... Contrary, to our expectations we did not find that an upward comparison increased delay discounting. Previous research on economic uncertainty, relative deprivation and stereotype threat have shown that experiences of this kind increase delay discounting (Mittal & Griskevicius, 2014), lead people to make risky economic decisions (Haisley, Mostafa, & Loewenstein, 2008), and increase caloric intake (Cheon & Hong, 2017). A possible explanation is that a downward comparison related to income level may not have been threatening to low-income individuals, assuming that they are already aware that they have low incomes. ...
Thesis
How can we reduce the social gradient in obesity if we do not know what causes it in the first place? This PhD thesis explores underlying explanations of the association between socioeconomic status and eating behaviors. Taking a social psychological approach, this thesis presents the results from a series of empirical studies that test how relative socioeconomic status affects decision-making. In particular, it examines how perceptions of one’s relative status affects impulsivity, and how someone else’s relative status influences beliefs about that person’s impulsivity. Together, these findings reveal both the existence and accuracy of impulsivity stereotypes. The findings suggest that (adherence to) these stereotypical behaviors are malleable and can be used in health interventions aimed at reducing health gradients.
Chapter
cognitive, technological, and regulative prerequisites for the existence of monopolies.
Article
Perceived financial constraints are ubiquitous, and prior research suggests that consumers who feel financially constrained are especially likely to engage in compensatory consumption to signal positive attributes or offset the aversiveness associated with their state. However, it is unclear whether spending confers greater happiness when consumers feel financially constrained. Seven high-powered studies (N = 7,228) demonstrate that perceived financial constraints decrease the happiness consumers derive from their purchases. This effect is robust across several purchase types and occurs in part because consumers who perceive greater financial constraints are more likely to consider opportunity costs when evaluating their purchases (studies 2A-2B). Consistent with this mechanism, the effect attenuates when all consumers are prompted to consider opportunity costs (study 3) and when consumers consider planned purchases (study 4). The negative effect of perceived financial constraints on purchase happiness results in an important behavioral outcome: less favorable consumer reviews (studies 5A-5B). The authors conclude by meta-analyzing their file drawer (25,765 participants; 42 studies) to explore how the effect differs across several purchase types and discussing theoretical and practical implications for consumers and marketers.
Article
Individual‐based relative deprivation (IRD) refers to anger and resentment associated with upward interpersonal comparison. Four studies investigated whether and when IRD can be a result of receiving help. In all the studies, we found an interaction between type of help (i.e., autonomy‐oriented vs. dependency‐oriented help) and status discrepancy such that participants experienced a higher level of IRD after receiving dependency‐oriented help from a higher status helper than in other conditions. This interaction emerged uniquely on IRD, but not on general affect, self‐esteem, or evaluations of helper. Moreover, Study 3 indicated that the perception of a diminished likelihood of changing mediated the impact of dependency‐oriented, high‐status help on IRD. Study 4 showed that IRD stemming from such help was positively associated with prioritizing self‐interest over others’. Implications for research on help and IRD are discussed.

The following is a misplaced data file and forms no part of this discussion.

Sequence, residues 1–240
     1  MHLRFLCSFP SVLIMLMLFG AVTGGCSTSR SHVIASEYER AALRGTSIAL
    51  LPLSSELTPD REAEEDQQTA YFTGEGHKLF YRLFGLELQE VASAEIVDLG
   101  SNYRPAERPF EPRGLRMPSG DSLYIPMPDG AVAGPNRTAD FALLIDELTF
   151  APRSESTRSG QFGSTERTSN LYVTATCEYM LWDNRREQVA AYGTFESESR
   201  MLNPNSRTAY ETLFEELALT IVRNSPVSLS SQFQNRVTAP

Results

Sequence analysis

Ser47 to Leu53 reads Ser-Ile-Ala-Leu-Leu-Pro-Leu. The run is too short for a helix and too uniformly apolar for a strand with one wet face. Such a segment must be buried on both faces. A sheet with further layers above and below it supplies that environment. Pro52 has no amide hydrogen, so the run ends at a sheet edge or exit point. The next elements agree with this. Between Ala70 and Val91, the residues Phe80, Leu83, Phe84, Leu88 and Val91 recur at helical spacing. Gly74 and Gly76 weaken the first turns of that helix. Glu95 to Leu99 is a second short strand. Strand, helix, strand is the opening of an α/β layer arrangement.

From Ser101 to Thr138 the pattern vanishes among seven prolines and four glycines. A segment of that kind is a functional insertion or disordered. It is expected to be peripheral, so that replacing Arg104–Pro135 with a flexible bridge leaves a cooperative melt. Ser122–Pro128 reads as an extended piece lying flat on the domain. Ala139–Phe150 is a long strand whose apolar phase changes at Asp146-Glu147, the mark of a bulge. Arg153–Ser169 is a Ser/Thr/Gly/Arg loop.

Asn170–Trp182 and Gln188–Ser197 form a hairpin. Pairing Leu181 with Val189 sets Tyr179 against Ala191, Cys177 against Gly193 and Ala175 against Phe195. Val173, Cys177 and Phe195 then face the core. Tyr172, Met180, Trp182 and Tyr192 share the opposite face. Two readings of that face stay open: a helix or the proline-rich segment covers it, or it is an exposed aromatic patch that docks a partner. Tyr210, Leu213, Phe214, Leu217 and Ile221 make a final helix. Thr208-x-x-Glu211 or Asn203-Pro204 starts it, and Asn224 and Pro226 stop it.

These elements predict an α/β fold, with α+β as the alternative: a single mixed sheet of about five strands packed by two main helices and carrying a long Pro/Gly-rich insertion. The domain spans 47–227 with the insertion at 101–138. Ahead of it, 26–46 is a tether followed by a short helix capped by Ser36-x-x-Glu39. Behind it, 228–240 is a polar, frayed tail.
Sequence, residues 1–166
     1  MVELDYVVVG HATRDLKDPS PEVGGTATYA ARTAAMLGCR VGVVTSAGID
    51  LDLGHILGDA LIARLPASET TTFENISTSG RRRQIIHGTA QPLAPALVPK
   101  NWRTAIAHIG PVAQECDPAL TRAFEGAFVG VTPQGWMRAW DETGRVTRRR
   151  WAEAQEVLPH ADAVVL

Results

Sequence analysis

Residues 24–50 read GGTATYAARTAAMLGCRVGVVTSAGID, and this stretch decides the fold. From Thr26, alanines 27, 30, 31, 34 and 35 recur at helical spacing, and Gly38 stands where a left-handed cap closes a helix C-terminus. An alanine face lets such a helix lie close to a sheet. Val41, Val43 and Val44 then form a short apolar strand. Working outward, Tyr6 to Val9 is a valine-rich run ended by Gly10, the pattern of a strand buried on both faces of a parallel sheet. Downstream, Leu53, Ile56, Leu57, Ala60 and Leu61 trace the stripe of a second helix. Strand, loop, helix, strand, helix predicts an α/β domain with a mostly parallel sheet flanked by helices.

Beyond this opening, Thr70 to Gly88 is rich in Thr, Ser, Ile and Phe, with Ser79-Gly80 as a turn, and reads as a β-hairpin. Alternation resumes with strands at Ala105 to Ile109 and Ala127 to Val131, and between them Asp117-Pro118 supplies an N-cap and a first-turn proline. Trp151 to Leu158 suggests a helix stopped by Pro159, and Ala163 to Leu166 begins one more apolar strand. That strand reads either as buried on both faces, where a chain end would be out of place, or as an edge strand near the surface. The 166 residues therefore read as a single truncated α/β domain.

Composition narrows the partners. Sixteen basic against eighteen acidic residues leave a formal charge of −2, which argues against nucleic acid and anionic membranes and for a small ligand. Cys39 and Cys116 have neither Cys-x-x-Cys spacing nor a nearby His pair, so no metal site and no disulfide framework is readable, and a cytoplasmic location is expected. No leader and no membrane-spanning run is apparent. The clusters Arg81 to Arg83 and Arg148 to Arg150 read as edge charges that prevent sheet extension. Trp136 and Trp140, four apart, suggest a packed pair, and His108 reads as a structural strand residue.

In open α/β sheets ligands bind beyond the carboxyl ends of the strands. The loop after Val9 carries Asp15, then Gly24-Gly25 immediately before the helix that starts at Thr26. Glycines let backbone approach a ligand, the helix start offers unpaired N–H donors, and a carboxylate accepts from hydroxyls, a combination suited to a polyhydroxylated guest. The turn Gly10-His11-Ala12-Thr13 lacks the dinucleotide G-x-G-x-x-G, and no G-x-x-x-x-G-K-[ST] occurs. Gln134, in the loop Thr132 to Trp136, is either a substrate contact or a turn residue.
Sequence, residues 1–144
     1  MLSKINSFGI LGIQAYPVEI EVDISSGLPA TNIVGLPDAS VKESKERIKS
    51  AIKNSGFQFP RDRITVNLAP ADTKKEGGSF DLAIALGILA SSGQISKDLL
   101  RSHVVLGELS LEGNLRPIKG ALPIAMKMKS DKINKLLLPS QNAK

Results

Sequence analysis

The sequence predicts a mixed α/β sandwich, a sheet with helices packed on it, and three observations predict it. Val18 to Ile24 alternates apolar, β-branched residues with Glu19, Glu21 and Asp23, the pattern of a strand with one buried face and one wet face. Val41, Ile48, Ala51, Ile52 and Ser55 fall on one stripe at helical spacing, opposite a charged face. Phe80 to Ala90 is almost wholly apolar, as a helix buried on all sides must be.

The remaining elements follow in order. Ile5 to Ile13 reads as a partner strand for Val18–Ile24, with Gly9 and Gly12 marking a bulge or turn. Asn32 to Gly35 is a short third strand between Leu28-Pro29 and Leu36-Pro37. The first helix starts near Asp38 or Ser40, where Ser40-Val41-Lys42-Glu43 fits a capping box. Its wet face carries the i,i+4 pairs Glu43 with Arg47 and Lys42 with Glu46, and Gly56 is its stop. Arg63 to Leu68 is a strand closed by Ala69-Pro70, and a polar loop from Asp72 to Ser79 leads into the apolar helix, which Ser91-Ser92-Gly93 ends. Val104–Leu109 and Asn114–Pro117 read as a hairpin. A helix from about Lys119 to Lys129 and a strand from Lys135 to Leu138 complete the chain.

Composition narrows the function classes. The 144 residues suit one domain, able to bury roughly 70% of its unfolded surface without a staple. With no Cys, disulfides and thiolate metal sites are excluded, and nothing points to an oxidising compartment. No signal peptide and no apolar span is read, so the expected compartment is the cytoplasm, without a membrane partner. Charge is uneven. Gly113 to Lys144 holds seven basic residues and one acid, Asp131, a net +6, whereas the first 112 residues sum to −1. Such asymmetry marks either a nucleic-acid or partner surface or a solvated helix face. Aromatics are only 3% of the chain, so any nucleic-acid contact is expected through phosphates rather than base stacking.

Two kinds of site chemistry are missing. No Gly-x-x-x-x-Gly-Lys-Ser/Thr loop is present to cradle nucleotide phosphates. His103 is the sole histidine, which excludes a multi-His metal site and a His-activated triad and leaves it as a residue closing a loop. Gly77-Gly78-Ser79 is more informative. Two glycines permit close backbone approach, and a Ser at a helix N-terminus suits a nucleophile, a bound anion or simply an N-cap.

Article
Combining a standard measure of concern about low relative wealth and a standard measure of relative risk aversion leads to a novel explanation of variation in risk-taking behavior identified and documented by social psychologists and economists. We obtain two results: (1) Holding individual i’s wealth and his rank in the wealth distribution constant, the individual’s relative risk aversion decreases when he becomes more relatively deprived as a result of an increase in the average wealth of the individuals who are wealthier than he is. (2) If relative deprivation enters the individual’s utility function approximately linearly then, holding constant individual i’s wealth and the average wealth of the individuals who are wealthier than he is, the individual’s relative risk aversion decreases when he becomes more relatively deprived as a result of a decline in his rank. Our findings provide a theoretical support for evidence about the propensity of relatively deprived individuals to gamble and resort to other risky behaviors.
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Research with Indigenous Psychological approach was aimed to develop the concept of subjective poverty in Indonesia, especially in Central Java. The population was college students in Surakarta, Central Java and sample were selected by multistage cluster random sampling technique. Totally sample was 241 respondents consisted of 50 men and 191 women. Data collecting was done by an open-ended questionnaire and content analysis was used to analyze the data. The result of the study showed that subjective poverty was multi-aspect which can be categorized in four aspect domains i.e. economic aspect (59.90%), physical and competence (7.25%), spiritual (7.25%), and psychosocial aspect (6.28%). The emergence of these aspects couldn't be separated from the internal and external factor that comes from outside as well as inside the individual factors i.e. the difficulties to distinguish the needs and desires (7.73%), negative thought and affect that arise because of the social comparison with situation and experience of others (5.31%), the lack of gratitude (4.83%), and lack of skills in money management (1.45%). It could be concluded that subjective poverty in Indonesian student perspective could become a reality poverty or mental poverty. Keywords: subjective poverty, poverty reality, poverty mentality